Explore IT market in the Nordic Region that is poised to grow at a CAGR of 2.58% to 2018

Covered in this Report
The IT market in Nordic Region is segmented into three parts- IT Services, Hardware, and Software. The IT market in Nordic Region is also segmented on the basis of services which include IT outsourcing services, project-based services, and support and deploy services.

TechNavio’s report, the IT market in Nordic Region 2014-2018, has been prepared based on an in-depth market analysis with inputs from industry experts. The report covers in detail the key leading vendors in the market and a quick understanding of other prominent vendors operating in this market. It also gives insight into the market forecast in key regions and identifies leading countries for the market.

Get detailed report at: http://www.reportsandintelligence.com/it-in-the-nordic-region-2014-2018-market

Key Vendors
• Accenture
• Capgemini
• HP

Other Prominent Vendors
• CGI Group
• Computer Sciences
• Connecta
• Digia Oyi
• Evry
• Logica
• Microsoft
• Tieto Oyi

Key Questions Answered in this Report
• What will the market size be in 2018 and what will the growth rate be?
• What are the key market trends?
• What is driving this market?
• What are the challenges to market growth?
• Who are the key vendors in this market space?
• What are the market opportunities and threats faced by the key vendors?
• What are the strengths and weaknesses of the key vendors?

Table Of Contents

01. Executive Summary
02. List of Abbreviations
03. Scope of the Report
03.1 Market Overview
03.2 Product Offerings
04. Market Research Methodology
04.1 Market Research Process
04.2 Research Methodology
05. Introduction
06. Market Landscape
06.1 Market Overview
06.2 Market Size and Forecast
06.3 Five Forces Analysis
07. Market Segmentation by Application
07.1 IT Market in Nordic Region by Products
07.2 Hardware Market in Nordic Region
07.2.1 Market Size and Forecast
07.3 Software Market in Nordic Region

View full TOC at: http://www.reportsandintelligence.com/it-in-the-nordic-region-2014-2018-market/table-of-contents

WhaTech Channel: IT Market Research Reports

Submitted by Sachin Bhandare WhaTech ProNews from: Reports & Intelligence – Competitive Analysis

Explore IT market in the Nordic Region that is poised to grow at a CAGR of 2.58% to 2018

HIT Outsourcing To Explode In 2015

The trend of outsourcing health IT is expected to grow through this year and beyond into 2019.

Health IT Outcomes reported last month one particular type of health IT – revenue cycle management (RCM) – was being outsourced as a way for providers to relieve pressure on their staff. Experts estimated the market for RCM outsourcing could reach $10 billion by 2016.

Now, a second report affirms the earlier one, noting RCM outsourcing about to become a booming business. Researchers fromReportstack say cost effectiveness is the number one motivator for providers to turn to outsourcing.

“Healthcare providers have begun subscribing to IT outsourcing services to deliver improved patient care services and to maximize staff efficiency,” says the market brief. “IT outsourcing also reduces operational and maintenance costs and enables healthcare providers to focus on core business areas and deal with the complexities of patient care more efficiently. They usually outsource applications such as operational services, financial services, database management services, and infrastructure-related services.”

According to Health IT Analytics, outsourcing of health IT is expected to grow at a compound annual growth rate (CAGR) of 8.60 percent between 2014 and 2019. Outsourcing is expected to increase as third party vendors (for example Dell, Hewlett-Packard, Accenture, and IBM) take interest in this trend.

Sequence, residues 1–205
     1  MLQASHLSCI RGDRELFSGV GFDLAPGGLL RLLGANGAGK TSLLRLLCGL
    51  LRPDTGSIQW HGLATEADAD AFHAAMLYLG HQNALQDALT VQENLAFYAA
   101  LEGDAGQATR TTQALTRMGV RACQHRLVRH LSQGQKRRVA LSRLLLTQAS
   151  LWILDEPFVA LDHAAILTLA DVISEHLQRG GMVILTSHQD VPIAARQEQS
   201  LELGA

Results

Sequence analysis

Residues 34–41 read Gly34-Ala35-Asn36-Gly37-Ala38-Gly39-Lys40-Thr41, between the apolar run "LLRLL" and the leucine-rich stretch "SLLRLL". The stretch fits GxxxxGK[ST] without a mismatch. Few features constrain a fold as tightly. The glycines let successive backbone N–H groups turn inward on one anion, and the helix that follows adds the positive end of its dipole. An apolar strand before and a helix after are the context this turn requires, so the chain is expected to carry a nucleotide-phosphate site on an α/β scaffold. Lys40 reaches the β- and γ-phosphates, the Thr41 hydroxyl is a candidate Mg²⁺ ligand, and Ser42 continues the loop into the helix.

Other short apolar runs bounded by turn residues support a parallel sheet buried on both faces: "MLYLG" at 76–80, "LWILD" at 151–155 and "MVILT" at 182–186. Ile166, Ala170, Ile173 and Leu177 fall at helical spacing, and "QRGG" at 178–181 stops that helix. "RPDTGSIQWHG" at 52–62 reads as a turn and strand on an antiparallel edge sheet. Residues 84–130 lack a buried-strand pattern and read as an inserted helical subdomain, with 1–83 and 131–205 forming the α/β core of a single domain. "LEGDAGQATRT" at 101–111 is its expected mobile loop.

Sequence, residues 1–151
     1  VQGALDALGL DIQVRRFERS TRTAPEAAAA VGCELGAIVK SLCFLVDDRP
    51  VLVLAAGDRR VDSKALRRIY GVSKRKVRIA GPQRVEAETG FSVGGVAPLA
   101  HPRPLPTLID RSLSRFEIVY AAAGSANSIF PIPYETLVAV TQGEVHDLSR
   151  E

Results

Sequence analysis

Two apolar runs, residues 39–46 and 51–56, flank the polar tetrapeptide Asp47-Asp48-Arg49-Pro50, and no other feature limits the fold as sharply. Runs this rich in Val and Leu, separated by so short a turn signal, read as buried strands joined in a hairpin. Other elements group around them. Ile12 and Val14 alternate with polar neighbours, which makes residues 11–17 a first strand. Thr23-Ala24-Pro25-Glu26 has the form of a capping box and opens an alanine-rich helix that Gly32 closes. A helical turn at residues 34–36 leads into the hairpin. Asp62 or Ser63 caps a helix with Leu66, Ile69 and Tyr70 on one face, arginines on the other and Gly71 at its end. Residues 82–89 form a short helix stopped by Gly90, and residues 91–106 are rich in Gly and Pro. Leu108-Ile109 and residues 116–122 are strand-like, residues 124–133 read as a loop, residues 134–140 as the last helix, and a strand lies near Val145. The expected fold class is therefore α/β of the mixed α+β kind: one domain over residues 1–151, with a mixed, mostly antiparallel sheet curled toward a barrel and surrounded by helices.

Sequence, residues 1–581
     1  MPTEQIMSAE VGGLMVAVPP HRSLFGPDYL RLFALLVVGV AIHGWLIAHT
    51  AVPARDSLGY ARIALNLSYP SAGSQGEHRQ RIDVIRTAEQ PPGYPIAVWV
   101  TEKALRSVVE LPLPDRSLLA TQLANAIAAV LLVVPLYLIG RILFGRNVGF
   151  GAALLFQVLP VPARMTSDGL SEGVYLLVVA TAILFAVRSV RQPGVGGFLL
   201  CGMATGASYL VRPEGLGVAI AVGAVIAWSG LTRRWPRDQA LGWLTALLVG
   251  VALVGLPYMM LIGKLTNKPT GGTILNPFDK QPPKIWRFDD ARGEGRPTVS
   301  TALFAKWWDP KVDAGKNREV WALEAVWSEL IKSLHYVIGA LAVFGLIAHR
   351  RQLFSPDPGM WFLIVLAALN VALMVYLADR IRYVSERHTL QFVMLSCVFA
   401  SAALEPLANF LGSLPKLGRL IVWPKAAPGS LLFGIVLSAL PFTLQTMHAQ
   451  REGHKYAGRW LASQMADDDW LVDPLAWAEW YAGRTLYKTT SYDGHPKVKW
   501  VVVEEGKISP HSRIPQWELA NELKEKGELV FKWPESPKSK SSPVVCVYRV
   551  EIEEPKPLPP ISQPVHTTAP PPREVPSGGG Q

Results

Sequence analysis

Fierce Health IT points out this follows the prediction that by 2020, 80 percent of data will pass through the cloud. The adoption of cloud-based services is one of the report’s top predictions for trends in the coming years.


Aticle By Katie Wike in http://www.healthitoutcomes.com/

Renegotiating Outsourcing Contracts: What Works and Why

As outsourcing decision-makers gird for another year of engaging with IT and BPO suppliers, it is a good time to reflect on what has worked well over the past twelve months and what could be improved. This is as true for outsourcing contracts as it is for everything else in our lives.

The transition from one year to the next is a good time for companies to ask themselves whether their outsourcing relationships remain fit for purpose and whether they are getting the best value for money from their suppliers. If the answers to these questions are negative, then perhaps it is time to renegotiate the contract.

This article considers the reasons parties renegotiate, and best practices for preparing for and conducting a renegotiation.

Reasons to renegotiate

Parties will usually renegotiate coming up to contract expiry. However, there are various reasons why a customer might want to renegotiate mid-term as well. These include:

  • Dissatisfaction with the service provided
  • Technology issues
  • Poor relationship management
  • Financial reasons
  • Business change

Read more at: Renegotiating Outsourcing Contracts By Caroline Doherty de Novoa

Virgin Atlantic Airways outsources digital transformation to Tata Consultancy Services

Virgin Atlantic Airways (VAA) outsourced IT to Indian services giant Tata Consultancy Services (TCS) as the UK airline introduces a raft of digital services for customers.

The long-term contract will see TCS set up a private cloud for the airline and it will provide infrastructure as a service (IaaS), user computing services and application support.

Read more at: Virgin Atlantic Airways outsources digital transformation to Tata Consultancy Services by Karl Flinders


The Underlying Opportunities in LATAM’s Dynamic Outsourcing Market

Many enterprises tend to view Latin America as a complementary outsourcing locale, particularly in cases where specific services portfolio areas require stronger U.S. cultural alignment and language support.